My skills in UX Design were actually an accident. I had no intention of developing my skills in UX Design to the extent of where they are now. However, as I invested more time into Mathematical Concepts. Those skills translated very well into Design. The key to becoming great is to be unconventional. This applies to pretty much any profession as it breaks the generic molds. In this article, I'll be discussing key things for how an entry or mid level designer can progress their skills to the next level.
Probably one of the major reasons why you're road blocked is the fact that you're following guidelines. I'm not saying to ignore them completely, but, treat them as guidelines. Your creativity will be SUPPRESSED if you focus on following the conventions in HCI or Material Design. If the guideline convention helps your UI, use the convention. If it doesn't help, don't use it. The best way to frame Guidelines is to treat them as inspirational tools. Treat the guideline you're following as an inspiration for what your OWN guidelines and conventions should be.
I'm assuming that as a UX Designer, you're aware of how limited your options are without rudimentary front end development experience. I would consider it mandatory that you have decent experience with React, Angular or Vue. Elsewise, you're limited to just print design gigs in Adobe Illustrator. However, to add to that, learning algebraic concepts opens a new door for you. There are trivial concepts such as "Rule of Thirds" or "Fibonacci" that can help you make better designs. However, you can use other clever mathematical tricks to make even better designs. Mathematically speaking, there really is no limit to the translation of a math concept to a UI. Be creative, and math can be the gateway to being even more creative.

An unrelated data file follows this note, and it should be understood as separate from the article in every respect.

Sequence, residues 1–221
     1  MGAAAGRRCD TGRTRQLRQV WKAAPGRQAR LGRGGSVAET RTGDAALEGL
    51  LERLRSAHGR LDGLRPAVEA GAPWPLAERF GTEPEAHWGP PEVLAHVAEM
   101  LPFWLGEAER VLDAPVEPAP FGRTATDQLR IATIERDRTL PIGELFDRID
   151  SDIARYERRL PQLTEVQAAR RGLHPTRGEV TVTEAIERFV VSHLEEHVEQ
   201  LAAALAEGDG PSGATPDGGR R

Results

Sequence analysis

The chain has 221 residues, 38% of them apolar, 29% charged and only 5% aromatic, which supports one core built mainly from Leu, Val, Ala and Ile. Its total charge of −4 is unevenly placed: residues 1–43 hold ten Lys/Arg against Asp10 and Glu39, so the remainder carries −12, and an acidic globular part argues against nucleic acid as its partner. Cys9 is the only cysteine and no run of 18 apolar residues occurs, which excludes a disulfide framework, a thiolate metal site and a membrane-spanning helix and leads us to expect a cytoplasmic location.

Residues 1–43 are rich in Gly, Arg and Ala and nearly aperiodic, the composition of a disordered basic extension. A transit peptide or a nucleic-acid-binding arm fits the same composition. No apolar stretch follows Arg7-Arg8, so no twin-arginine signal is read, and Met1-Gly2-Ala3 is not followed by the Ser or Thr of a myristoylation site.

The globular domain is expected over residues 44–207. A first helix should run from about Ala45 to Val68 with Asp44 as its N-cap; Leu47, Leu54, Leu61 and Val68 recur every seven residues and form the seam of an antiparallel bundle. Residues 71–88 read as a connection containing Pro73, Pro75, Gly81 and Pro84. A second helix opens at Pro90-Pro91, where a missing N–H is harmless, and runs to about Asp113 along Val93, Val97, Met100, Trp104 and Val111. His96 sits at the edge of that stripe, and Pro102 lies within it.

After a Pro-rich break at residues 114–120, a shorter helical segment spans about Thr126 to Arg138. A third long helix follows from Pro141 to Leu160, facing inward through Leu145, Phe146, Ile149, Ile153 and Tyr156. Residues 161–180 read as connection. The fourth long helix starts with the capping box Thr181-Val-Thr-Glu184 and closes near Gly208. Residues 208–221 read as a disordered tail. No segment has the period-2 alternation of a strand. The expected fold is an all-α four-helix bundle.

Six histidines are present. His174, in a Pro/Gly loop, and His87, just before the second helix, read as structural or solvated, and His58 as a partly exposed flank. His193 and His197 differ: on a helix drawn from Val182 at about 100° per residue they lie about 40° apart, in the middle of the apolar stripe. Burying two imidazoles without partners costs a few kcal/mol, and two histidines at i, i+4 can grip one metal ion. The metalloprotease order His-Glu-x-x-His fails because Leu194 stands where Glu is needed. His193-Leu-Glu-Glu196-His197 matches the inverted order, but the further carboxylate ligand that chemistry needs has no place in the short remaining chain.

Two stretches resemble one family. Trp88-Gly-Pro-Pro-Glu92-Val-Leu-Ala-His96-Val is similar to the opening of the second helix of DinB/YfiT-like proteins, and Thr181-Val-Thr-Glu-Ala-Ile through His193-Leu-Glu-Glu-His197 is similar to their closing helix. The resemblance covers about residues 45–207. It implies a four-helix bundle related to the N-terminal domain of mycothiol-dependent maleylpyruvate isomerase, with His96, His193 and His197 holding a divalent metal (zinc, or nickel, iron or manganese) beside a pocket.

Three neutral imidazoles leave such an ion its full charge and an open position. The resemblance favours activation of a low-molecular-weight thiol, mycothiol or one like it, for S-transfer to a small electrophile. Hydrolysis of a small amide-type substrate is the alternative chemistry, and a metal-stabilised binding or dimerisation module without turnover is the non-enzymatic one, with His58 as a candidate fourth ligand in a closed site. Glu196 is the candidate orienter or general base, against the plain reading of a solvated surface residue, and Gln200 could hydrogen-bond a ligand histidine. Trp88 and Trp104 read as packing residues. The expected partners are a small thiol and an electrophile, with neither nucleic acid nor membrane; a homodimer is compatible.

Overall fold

While Music may seemingly be unrelated to UX Design. Integrating music theory practice into your daily routine will help your designs. I've found that if I invested more time into scales practice on the Piano. The methods and how I approach UX Design have changed drastically and I've begun to really materialize much better concepts. This should be trivial, just spend 30 minutes a day practicing scales and arpeggios and work on some entry level pieces like "Fur Elise" or "Minuet in G Major". Even today, I spend time writing modified versions of "Fur Elise" for my own musings and entertainment.
If you're serious about your career. Treat every UI as digital art. That's because it is digital art. Think of the traditional methods that are used to paint a watercolor or pastel piece. How the composition is derived, how each stroke must be implemented. These ideas translate to UI's except instead of painting with a brush, you're painting with code.
Hopefully my ideas around UX are helpful. The goal and intent was to hash out points for any aspiring or entry/mid level UX designer to improve and get better at their profession. I had no intention of being where I am right now in terms of UX. However, reflecting on the quality of recent compositions and applications I've created. Plus, the fact that I blatantly dislike both HCI and Material Design. It made sense for me to write this article, since far too often do I see people who follow those guidelines fall extremely short in terms of quality of work.
Link to original article: https://chriscates.ca/blog/design